The traditional business model to date has been an IT department serving a group of internal customers, and the rest of the business focusing on serving the external customers. This model usually involved the IT department dictating what technologies the employees had to use to get their jobs done.
The model is changing. Factors like pricing and the product lines a company offers are becoming less important than the customer’s experience with the company. Today’s customers are much more informed and knowledgeable about the products they are shopping for and are taking charge of the experience they achieve with the companies they do business with. This is forcing IT to evolve, moving its focus from the internal customers to the external. The new model involves IT blending in with the company as a whole.
Shifting the Focus of IT
In many businesses, IT is integrating into other functions and departments around the organization. For instance, instead of a dedicated IT staff whose job is procuring and maintaining technology, there are tech workers integrated into the marketing and sales departments, operations, finance, human resources, etc. These workers help determine what technologies best meet the needs of the organizations — particularly as it serves the end customers.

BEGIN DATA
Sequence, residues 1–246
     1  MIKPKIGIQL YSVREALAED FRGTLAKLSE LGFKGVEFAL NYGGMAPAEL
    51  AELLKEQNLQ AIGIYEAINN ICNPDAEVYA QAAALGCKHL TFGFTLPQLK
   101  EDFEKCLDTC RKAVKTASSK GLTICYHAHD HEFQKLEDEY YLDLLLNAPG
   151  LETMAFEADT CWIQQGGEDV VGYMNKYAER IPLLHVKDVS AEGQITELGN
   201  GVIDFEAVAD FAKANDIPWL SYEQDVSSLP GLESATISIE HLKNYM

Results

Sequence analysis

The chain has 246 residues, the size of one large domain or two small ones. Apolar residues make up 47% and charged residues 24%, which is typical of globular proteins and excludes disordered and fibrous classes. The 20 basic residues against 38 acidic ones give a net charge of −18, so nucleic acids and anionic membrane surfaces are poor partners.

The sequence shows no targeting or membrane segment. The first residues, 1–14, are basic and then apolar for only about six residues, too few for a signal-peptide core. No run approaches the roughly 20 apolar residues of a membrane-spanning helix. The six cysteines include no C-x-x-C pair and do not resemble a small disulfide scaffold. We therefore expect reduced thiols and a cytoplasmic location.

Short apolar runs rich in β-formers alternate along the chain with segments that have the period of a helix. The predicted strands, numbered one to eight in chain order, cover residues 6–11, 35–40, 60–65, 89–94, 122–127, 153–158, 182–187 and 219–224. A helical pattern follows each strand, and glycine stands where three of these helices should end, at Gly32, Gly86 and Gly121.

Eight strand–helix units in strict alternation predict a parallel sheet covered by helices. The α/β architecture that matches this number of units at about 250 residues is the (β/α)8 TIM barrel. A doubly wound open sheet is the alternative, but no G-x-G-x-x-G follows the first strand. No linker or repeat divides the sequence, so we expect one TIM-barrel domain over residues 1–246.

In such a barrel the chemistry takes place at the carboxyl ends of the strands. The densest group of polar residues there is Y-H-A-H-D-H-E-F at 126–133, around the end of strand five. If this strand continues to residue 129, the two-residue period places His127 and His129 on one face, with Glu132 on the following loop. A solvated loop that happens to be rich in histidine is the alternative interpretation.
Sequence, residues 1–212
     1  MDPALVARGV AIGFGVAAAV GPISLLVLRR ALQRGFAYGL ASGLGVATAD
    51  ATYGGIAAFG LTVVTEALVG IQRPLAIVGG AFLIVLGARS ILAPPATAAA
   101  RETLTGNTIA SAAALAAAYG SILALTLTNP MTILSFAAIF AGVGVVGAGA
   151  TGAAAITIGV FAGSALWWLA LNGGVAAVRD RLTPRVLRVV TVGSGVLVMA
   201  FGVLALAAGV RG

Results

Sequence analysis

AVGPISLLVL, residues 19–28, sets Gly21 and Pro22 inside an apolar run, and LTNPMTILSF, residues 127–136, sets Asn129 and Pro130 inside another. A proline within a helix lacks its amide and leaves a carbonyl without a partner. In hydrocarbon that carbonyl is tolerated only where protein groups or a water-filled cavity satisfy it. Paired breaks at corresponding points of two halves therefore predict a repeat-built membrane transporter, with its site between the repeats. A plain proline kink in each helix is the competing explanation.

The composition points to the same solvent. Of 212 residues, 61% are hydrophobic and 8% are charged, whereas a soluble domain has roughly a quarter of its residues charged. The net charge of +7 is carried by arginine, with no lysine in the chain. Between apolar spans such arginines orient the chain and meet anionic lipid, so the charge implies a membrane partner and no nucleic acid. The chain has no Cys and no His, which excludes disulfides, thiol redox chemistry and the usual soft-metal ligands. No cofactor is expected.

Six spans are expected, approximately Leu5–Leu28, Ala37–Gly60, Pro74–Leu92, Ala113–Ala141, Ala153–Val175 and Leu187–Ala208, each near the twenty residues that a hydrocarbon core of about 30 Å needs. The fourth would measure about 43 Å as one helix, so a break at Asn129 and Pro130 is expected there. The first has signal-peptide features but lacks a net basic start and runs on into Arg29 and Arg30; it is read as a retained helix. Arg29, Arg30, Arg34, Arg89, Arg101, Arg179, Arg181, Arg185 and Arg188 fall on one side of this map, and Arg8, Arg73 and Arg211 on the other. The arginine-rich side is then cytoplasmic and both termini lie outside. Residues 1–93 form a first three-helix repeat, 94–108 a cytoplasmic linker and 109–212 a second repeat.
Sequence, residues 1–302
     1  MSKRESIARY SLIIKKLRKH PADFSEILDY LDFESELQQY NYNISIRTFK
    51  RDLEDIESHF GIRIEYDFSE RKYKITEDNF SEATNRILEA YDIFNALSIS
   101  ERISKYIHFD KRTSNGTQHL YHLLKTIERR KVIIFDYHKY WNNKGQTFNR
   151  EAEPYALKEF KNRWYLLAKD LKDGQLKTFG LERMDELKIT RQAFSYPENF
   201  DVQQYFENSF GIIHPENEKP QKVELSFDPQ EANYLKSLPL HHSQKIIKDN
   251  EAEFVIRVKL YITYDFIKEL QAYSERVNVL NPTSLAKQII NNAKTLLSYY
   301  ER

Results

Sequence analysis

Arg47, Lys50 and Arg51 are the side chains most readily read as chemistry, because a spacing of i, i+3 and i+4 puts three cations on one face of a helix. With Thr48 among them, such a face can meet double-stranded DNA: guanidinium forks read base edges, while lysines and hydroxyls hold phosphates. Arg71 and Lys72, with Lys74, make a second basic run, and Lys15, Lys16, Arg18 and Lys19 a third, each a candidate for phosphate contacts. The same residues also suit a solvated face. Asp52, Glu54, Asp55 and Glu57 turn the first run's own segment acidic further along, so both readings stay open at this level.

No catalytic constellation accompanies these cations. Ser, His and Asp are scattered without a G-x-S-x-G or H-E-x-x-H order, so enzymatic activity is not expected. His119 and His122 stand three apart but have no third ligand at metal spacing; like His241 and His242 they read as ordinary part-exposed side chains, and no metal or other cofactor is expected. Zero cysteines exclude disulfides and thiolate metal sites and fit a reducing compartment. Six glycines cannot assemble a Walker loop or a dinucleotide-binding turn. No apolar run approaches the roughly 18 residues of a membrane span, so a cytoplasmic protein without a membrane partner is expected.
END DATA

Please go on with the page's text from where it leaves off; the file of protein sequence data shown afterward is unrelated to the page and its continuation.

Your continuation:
The goal of IT is to service the customer, and the technology isn’t the end goal any longer. One retail chain has seen a 15 to 20 percent improvement in their daily sales due to this newly shifted focus. By placing large touchscreen interfaces in their retail stores offering products beyond what is stocked on shelves and racks in the physical stores, customers are able to get a more complete shopping experience.
Shifting the Operations of IT
In other organizations, the IT workers are hired based on their ability and attitude towards customer service, not just because they have the technical skills required to work the IT help desk. IT is no longer just a command and control center, it is an important means by which the company serves its customers.
One airline has completely done away with its customer check-in process. Management determined that this process offered no value to their customers. Instead of arriving at the airport and having to stand in a long line answering dumb questions, customers of this airline get to the airport and board their plane. The check-in process is handled before customers even arrive.
IT achieved this by shifting their focus from what the airline wanted or needed out of the transaction toward what the customer wanted and needed. It resulted in a better process for everyone, and a drastic improvement in customer service levels.
By the year 2020, the most important factor in a customer’s decision to buy (or not to buy) from a particular brand will be their shopping and buying experience. Can your IT service desk shift focus off the buying process onto the customer experience in order to remain competitive?